"I think of my own mother," Beans confesses. "For many, many years, she completely derailed her own desires and derailed her own wants in the world to provide for us financially, and to show up as a mother in what she understood that role to be. She, and so many women, use themselves up in service of others."

Explaining the source of Ana's trauma and what pushes her to move towards healing, and why the play is called Jonah, would spoil the play. But what Beans sees as Ana's journey is: "What it actually takes to allow yourself to come into contact with your own desires, or to come into contact with your own needs. That feeling, that it is alright to exist in your fullness, is something so many people never truly feel."

Jonah does contain some potentially triggering moments, around abuse and self-harm. Jonah's intimacy director, Ann James, was a crucial piece of the puzzle for the play, allowing the play's four actors to find truly communal safety while wading into some of the most difficult emotional and physical states an actor can inhabit onstage.

"This was my first time working with an intimacy coordinator on this level, and I hope I am blessed in my future career to continue to work with them," Beans states, smiling. "If I had my druthers, I would bring Ann with me everywhere."

While the play only has one moment of blocking that would undeniably necessitate an intimacy director, James' presence throughout the rehearsal process allowed the actors to feel comfortably emotionally, as well as physically. "Ann always said to move at the speed of trust, which I love," Beans shares. "There's a lot of intimacy in this show. And really, by the time we started to make physical contact with each other in that way in the room, we were all really ready to do it, because Ann had prepared us." While previous projects had expected Beans to jump straight into the deep end, James' process of helping the cast acclimate to one another did wonders for the mental health of all involved.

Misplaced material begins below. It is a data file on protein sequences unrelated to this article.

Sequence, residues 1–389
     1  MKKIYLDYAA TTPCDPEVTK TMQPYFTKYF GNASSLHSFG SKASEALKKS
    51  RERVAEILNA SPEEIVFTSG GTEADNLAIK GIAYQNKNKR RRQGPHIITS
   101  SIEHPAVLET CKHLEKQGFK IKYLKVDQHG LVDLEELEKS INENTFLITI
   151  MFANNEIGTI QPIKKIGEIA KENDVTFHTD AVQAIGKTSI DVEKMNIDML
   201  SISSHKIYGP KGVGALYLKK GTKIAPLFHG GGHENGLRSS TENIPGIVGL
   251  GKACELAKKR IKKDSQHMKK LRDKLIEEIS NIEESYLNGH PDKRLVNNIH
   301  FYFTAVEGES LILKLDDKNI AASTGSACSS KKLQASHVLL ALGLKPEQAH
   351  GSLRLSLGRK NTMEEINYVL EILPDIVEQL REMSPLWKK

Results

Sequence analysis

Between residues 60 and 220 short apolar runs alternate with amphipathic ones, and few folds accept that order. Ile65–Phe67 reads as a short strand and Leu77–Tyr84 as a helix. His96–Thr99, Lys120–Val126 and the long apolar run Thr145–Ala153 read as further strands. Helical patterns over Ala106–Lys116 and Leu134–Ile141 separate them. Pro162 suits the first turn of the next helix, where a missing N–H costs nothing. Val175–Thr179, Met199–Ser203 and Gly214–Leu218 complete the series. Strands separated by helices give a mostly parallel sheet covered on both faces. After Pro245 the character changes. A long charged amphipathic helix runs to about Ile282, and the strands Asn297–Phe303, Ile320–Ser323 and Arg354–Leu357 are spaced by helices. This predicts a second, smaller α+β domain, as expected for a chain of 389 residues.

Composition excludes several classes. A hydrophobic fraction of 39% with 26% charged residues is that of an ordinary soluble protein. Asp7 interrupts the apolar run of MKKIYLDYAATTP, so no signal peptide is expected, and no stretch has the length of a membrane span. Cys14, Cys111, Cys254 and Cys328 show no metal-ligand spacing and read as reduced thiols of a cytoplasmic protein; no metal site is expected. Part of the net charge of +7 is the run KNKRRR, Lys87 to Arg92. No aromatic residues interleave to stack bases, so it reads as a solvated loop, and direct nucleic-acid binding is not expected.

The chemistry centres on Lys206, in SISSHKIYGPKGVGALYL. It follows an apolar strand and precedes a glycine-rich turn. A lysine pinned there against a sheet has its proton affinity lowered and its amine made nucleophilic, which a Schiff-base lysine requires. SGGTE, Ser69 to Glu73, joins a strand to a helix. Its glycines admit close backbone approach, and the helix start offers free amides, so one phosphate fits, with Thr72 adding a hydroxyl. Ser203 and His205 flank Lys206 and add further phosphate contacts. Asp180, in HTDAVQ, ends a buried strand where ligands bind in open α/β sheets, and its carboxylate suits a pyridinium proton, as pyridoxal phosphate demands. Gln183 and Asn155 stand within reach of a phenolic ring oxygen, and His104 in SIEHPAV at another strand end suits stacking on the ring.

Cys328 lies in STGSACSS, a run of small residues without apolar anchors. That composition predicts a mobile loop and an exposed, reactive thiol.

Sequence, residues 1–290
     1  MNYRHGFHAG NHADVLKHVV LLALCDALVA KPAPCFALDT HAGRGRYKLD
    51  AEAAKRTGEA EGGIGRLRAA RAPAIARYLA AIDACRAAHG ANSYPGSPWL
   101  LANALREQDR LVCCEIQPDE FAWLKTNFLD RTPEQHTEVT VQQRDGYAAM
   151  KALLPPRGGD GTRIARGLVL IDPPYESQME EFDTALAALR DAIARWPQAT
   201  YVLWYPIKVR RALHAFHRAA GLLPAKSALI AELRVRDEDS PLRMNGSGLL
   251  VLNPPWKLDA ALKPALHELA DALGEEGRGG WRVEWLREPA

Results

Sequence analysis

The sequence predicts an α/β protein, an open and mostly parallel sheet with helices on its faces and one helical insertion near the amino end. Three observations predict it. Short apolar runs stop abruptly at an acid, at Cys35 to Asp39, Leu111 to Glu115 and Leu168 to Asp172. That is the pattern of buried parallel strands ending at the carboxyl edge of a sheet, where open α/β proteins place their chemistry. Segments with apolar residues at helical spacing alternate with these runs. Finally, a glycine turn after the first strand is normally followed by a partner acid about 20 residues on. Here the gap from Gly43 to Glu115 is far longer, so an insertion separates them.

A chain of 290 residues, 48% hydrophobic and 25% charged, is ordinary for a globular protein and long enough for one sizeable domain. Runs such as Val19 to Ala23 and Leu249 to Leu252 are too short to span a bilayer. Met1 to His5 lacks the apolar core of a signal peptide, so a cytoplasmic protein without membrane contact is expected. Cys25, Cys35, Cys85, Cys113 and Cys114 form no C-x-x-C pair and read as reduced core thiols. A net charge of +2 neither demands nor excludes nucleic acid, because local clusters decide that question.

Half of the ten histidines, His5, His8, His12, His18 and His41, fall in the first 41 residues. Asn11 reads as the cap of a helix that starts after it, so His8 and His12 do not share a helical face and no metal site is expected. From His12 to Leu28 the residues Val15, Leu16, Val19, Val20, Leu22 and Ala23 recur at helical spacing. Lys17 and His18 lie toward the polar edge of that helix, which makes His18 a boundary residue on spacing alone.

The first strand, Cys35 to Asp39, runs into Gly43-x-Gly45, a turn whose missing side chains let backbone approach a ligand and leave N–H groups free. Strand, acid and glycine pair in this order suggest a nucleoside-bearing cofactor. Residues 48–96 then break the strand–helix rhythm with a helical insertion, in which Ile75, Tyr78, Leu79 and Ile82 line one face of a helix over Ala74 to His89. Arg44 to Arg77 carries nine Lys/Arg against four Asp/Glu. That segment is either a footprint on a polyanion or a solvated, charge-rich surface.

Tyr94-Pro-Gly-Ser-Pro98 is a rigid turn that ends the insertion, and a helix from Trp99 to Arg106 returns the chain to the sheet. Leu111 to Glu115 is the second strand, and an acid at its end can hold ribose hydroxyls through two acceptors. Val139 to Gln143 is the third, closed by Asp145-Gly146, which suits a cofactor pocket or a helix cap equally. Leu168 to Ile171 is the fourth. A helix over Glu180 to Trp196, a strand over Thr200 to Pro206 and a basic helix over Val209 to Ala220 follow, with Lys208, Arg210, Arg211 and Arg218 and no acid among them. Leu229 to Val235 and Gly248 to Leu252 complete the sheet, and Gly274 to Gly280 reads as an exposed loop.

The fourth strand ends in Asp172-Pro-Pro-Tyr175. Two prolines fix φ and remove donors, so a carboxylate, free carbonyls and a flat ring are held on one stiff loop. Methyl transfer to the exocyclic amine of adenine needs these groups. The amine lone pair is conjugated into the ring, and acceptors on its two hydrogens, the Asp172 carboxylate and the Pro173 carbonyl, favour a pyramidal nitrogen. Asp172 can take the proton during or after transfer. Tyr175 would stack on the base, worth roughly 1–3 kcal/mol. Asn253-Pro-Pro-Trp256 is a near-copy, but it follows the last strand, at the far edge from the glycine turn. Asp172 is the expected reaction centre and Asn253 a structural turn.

Gabby Beans Samuel Henry Levine in Jonah Joan Marcus

There is a tendency, when writing narratives about trauma, to conclude the story with the survivor returned to a place of normalcy, fitting easily back into their prescribed position in society. Jonah refuses to shortchange Ana's healing journey and her growth with a neat ending. It also refuses to turn her into a broken spectacle. "Healing isn't linear. Eventually, you do arrive somewhere, but it's not like you wake up one day, and you're fixed," Bonds explains.

As Beans further elaborates: "One of the things I love about this piece is the nuance with which Rachel wrote Ana's journey...These scars don't magically disappear with the right person or the right scenario. It's an evolutionary process that continues on for the rest of time, and I love that the play shows that."

Both Bonds and Beans are viscerally aware that there may be many "Ana's" in their audiences. The silent scars of trauma pervade widely, and they both hope that Jonah can be the wake-up call some need to start their own healing journey.

"A lot of the process that I went through in bringing Ana to life was believing that I deserved to exist in my fullness, and to be able to show vulnerability," Beans shares. "To any Ana's watching the show, know that it's your right as a person existing in this world to exist in your fullness. The completeness that you imagine for yourself is possible. It's OK if you are afraid of it, but don't lead with that fear. You deserve to exist vibrantly in your life."

Adds Bonds: "Trauma does not have to be what defines you as a person. It helps make you who you are, certainly, but it doesn't have to define you. Healing is possible for everyone...If you reach out for help, there is a way to heal."

Photos: Jonah Off-Broadway